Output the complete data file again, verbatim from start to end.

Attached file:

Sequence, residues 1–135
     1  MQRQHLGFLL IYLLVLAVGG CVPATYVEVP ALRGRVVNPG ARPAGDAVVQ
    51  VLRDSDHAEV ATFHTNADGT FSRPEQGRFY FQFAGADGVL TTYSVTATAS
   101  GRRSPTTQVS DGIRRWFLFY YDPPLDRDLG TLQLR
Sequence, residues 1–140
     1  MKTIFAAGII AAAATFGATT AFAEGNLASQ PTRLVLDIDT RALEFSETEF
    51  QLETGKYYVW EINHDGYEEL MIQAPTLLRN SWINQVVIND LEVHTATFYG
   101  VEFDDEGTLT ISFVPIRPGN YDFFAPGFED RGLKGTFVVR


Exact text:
Sequence, residues 1–135
     1  MQRQHLGFLL IYLLVLAVGG CVPATYVEVP ALRGRVVNPG ARPAGDAVVQ
    51  VLRDSDHAEV ATFHTNADGT FSRPEQGRFY FQFAGADGVL TTYSVTATAS
   101  GRRSPTTQVS DGIRRWFLFY YDPPLDRDLG TLQLR
Sequence, residues 1–140
     1  MKTIFAAGII AAAATFGATT AFAEGNLASQ PTRLVLDIDT RALEFSETEF
    51  QLETGKYYVW EINHDGYEEL MIQAPTLLRN SWINQVVIND LEVHTATFYG
   101  VEFDDEGTLT ISFVPIRPGN YDFFAPGFED RGLKGTFVVR